This is not an "adjectival phrase". An adjectival phrase as an adjective which consists of multiple words, or a phrase which does the job of an adjective. And an adjective is a word used to describe another word, which must be a noun (or noun phrase).
It's not possible to say "This one is very yours truly", or "a long, yours truly, red thingummy", etc. — Hippietrail 06:34, 14 May 2005 (UTC)
- Hippietrail, Muke and I were just discussing this in IRC. We have so far concluded that we don't really know. Do you have a better suggestion? --Dvortygirl 06:39, 14 May 2005 (UTC)
- If it is the same as the British yours sincerely or yours faithfully, then it is an adverb - shortened from older phrases such as "I remain, your faithful servant, Joe Bloggs" SemperBlotto 07:29, 14 May 2005 (UTC)
- I was actually thinking about this in the past few days before you added it too. Along with some other similar-ish things that escape me right now.
- I think the phrase used for signing letters is no part of speech at all, it's a sentence fragment used just for that purpose. Can you think of any examples in spoken English (other than reading a letter aloud)? I'd be interested in how it's labelled in print dictionaries. I wouldn't be surprised if it's only in bilingual dictionaries though, which is enough to warrant it here of course.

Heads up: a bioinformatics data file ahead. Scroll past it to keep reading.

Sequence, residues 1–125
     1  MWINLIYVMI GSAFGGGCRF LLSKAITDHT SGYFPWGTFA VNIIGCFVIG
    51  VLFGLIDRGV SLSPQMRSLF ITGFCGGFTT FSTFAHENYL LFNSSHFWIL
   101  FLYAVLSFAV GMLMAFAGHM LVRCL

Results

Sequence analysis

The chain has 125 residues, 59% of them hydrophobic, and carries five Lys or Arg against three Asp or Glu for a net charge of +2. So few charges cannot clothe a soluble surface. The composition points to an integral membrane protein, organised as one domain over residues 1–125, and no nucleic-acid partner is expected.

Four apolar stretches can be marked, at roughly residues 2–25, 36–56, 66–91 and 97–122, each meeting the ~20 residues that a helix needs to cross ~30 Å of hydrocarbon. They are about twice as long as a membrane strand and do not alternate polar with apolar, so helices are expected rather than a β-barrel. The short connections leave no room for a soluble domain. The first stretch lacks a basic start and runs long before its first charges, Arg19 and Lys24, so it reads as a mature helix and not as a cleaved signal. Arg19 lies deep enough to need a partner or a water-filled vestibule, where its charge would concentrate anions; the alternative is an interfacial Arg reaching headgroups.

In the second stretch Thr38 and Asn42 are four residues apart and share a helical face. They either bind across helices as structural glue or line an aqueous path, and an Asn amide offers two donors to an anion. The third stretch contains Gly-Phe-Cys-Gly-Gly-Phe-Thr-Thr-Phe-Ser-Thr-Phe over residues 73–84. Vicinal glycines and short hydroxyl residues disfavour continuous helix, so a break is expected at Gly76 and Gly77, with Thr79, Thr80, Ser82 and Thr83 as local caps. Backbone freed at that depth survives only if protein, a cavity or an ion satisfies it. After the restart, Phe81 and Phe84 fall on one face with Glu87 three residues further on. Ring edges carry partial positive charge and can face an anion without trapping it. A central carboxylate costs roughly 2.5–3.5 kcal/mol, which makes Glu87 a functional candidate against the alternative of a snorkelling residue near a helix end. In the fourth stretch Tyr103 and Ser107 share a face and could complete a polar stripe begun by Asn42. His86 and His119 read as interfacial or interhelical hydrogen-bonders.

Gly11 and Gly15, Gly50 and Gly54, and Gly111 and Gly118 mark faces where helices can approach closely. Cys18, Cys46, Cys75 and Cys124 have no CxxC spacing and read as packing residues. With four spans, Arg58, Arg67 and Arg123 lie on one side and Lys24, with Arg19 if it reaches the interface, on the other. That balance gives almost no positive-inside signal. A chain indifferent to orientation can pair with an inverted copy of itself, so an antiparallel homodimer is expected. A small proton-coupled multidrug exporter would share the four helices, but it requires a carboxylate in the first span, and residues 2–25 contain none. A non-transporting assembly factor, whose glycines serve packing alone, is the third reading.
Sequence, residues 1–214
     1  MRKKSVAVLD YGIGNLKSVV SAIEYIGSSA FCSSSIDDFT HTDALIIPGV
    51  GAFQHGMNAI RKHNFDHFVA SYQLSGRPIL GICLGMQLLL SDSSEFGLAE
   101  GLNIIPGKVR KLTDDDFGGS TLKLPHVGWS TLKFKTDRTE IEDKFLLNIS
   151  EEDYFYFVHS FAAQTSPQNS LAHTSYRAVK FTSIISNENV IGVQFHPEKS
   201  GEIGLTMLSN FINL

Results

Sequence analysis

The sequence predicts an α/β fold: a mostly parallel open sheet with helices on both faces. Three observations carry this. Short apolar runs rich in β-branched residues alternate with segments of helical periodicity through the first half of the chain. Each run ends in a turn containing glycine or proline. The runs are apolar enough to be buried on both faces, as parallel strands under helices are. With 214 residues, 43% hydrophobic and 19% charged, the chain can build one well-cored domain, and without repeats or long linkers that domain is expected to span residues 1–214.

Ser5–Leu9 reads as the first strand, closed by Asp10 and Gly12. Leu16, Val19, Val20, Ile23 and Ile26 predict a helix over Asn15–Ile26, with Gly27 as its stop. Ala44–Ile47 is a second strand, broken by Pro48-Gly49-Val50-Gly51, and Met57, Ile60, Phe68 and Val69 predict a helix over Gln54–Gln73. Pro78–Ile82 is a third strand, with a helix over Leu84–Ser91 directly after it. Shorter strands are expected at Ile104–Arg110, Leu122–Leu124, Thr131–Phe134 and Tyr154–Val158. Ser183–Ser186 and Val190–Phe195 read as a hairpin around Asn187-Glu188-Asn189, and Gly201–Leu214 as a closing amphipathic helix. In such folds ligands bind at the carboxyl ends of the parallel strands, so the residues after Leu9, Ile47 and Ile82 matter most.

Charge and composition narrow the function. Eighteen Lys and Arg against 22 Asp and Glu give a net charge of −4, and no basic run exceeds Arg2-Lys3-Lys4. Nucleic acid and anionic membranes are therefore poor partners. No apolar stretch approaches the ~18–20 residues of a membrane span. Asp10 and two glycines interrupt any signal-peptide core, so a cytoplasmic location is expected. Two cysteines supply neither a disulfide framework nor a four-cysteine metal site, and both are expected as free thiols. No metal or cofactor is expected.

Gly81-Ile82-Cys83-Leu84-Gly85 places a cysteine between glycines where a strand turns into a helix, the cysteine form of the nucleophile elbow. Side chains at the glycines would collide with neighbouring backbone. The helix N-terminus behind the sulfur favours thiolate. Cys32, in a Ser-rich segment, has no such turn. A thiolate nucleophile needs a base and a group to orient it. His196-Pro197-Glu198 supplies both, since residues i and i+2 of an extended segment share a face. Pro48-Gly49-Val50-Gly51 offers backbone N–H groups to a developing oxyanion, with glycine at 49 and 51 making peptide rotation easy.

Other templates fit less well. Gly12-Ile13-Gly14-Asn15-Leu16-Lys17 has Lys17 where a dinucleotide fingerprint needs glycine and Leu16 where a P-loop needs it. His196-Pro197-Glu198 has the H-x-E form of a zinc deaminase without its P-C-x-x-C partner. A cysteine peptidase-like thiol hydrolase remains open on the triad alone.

- Perhaps it's more interesting to investigate the special sense of "yours" used in this phrase and many other variations. Yours lovingly, Hippietrail 10:17, 14 May 2005 (UTC)
Unfortunately, this phrase is not ever an adverbial phrase, or any other kind of adverb. The use of "unfortunately in the previous sentence was an adverb, but you can see that substituting "yours truly" does not make a grammatical sentence. Most commonly, adverbs are used to qualify verbs or adjectives: "She runs quickly", "It was very big". — Hippietrail 10:05, 16 May 2005 (UTC)
Some research from the library
- The 20 volume Oxford English Dictionary has no separate entry for these phrases, but under the personal pronoun yours has - "used as a predicate in the subscription of a letter qualified by an adverb or adverbal phrase"
- The 3 volume Webster has an entry for Yours truly in the I,Me,Myself sense, and under the pronoun yours has - "often used with an adverbal modifier in the complimentary close of a letter to express the polite fiction that the sender puts himself at the receiver's disposal"
- Fowler's Modern English Usage (3rd edition) has an article on Letter Forms that describes the change from formality to informality, and confirms that, in business leters, yours faithfully is used with Dear Sir, and yours sincerely is used with Dear Mr Smith. It also says that in private correspondence, Americans tend to reverse the order, or write simply "sincerely" etc. SemperBlotto 11:08, 16 May 2005 (UTC)
End of a letter
When you use "yours truly" at the end of a letter it isn't for "informal correspondance" as far as I'm aware, I was taught that it is reserved only for the end of love letters. 18.104.22.168 17:37, 13 March 2009 (UTC)